The recent unveiling of Stephen Holl's design for University College Dublin's campus has generated a bit of a furore. People have been getting rather upset about the American architect's claim that the building's angular forms are "inspired" by the extraordinary geometries of the island of Ireland's most famous natural landmark, the Giant's Causeway.
In a manner that recalls the US president's antics on the golf courses of Scotland – and his approach to international relations in general – it appears as if Holl, clad in plaid shirt and high-waisted trousers, has metaphorically marauded across the landscapes of the emerald isle and, in doing so, failed to spot a couple of not unimportant details. Firstly, the geographical inconvenience that the Giant's Causeway is not, in fact, anywhere near Dublin, and secondly, the unfortunate faux pas of neglecting to notice that the world-famous landmark is not actually situated within the borders of the country of which Dublin is the capital.
But by crudely appropriating the geological wonder, Holl might actually have done us a favour. In reducing it to a crass form of commodification that gives his architecture no more value than that of an image printed on a souvenir tea towel, he has prompted us to ask: why do so many architects feel the need to engage with this kind of unedifying and clumsy projection of "meaning" in their projects?
The search for "meaning", "narrative" and "metaphor" is the disease of our time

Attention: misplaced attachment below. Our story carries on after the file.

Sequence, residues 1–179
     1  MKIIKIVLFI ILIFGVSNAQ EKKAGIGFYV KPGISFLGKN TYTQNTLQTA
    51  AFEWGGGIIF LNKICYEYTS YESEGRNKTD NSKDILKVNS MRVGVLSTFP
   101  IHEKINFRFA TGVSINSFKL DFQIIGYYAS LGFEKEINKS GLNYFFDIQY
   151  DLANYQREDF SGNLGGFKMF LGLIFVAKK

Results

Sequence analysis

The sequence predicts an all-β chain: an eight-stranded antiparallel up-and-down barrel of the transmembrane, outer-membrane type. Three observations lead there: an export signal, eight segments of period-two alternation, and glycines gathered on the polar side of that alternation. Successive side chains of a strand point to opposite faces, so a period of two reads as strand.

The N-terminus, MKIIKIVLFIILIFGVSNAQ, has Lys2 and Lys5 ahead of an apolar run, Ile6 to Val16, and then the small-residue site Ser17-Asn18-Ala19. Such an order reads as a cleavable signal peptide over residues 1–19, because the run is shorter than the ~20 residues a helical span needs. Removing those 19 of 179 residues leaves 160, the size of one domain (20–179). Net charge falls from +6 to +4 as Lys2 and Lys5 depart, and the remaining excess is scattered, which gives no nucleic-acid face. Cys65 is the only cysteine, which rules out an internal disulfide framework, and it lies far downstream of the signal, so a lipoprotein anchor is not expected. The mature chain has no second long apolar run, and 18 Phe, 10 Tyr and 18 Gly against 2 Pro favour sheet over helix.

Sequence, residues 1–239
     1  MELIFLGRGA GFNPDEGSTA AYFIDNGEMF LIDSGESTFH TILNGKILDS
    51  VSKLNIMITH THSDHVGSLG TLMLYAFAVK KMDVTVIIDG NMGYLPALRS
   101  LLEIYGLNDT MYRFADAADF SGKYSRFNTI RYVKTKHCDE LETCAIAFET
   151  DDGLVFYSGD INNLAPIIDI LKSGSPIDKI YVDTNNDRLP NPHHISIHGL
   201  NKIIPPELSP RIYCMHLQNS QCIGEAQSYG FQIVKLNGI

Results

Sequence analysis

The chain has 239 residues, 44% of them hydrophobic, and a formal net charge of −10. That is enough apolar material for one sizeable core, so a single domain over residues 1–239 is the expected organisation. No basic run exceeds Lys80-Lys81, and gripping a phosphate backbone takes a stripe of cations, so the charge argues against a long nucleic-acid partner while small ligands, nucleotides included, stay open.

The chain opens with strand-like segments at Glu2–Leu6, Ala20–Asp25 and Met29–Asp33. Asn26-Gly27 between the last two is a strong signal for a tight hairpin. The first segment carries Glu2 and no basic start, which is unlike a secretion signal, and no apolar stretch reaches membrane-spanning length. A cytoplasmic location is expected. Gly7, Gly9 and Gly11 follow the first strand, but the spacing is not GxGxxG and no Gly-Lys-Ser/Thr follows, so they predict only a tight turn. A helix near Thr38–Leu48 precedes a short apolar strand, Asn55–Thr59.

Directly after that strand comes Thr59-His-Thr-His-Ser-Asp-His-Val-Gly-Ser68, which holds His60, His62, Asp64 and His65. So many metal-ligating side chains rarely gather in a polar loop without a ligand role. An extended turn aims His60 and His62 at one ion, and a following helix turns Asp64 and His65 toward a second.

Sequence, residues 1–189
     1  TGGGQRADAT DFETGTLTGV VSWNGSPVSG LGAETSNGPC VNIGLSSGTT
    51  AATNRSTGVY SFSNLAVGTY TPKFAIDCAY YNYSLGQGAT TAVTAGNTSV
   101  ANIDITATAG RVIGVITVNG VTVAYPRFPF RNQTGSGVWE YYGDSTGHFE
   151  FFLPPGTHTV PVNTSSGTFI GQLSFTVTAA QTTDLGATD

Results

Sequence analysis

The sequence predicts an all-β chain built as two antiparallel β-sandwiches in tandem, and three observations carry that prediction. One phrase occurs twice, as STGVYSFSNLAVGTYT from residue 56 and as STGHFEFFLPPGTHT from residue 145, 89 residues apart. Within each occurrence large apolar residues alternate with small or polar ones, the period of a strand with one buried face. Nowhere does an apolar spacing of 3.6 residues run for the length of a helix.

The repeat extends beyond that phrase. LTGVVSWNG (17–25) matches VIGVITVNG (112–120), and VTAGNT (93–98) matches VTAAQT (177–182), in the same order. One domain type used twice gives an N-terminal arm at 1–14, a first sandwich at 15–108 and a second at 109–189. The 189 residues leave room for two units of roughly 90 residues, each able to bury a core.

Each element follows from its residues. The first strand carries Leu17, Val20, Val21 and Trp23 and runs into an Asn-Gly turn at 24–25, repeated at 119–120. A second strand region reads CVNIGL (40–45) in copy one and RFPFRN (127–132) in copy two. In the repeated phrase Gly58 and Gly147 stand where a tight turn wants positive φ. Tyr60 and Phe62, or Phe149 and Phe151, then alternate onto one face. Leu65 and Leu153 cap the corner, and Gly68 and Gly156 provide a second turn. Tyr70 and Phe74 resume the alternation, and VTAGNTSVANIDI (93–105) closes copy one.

Maybe it has something to do with the way late capitalism has emptied all sense of purpose out of contemporary life. Perhaps it is the reality that is ruthlessly presented to us by modern science – a science that has robbed us of our delusions about the meaning of life and its supposed higher purpose. Or is it just a loss of confidence in architecture to speak for itself?
Whatever the reason, it seems the search for "meaning", "narrative" and "metaphor" is the disease of our time. It affects all aspects of contemporary life, as demonstrated by the success of the self-help publishing industry, which itself packages up meaning into neat little consumable parcels.
For architects, the condition manifests in our apparent need to resort to crass metaphors, in a pathetic attempt to bolt some sort of superfluous, immediate and fully formed signification onto things we clearly fear would otherwise have none.
I think architects would do well to take note of the philosopher Ray Brassier, in his call for fellow thinkers to embrace a "mind independent reality" that is "oblivious to the ‘values' and 'meanings' which we would drape over it in order to make it more hospitable".
This is because architectural meanings are themselves nothing but consolatory fictions, often used for nefarious ends.
Take, for instance, the allusion to noble antiquity expressed in the grand Georgian estates that grace numerous British cities, which casts a less-than-noble veil over their connections to the ill-gotten gains of slavery and colonialism.
Or the celebration of English Christianity in the Neo-Gothic architecture of the Victorian period, which disguises the somewhat unchristian ethics that prevailed in the murderous exploitation of the factory system, whose proceeds financed it.
It is time to question the necessity for meaning in architecture once again
An even bigger problem is that these applied significations only represent ideas about something outside of the reality of the object. They are purely mental constructions. Their meanings have no grounding in material reality, hence they are superficial and unstable in nature.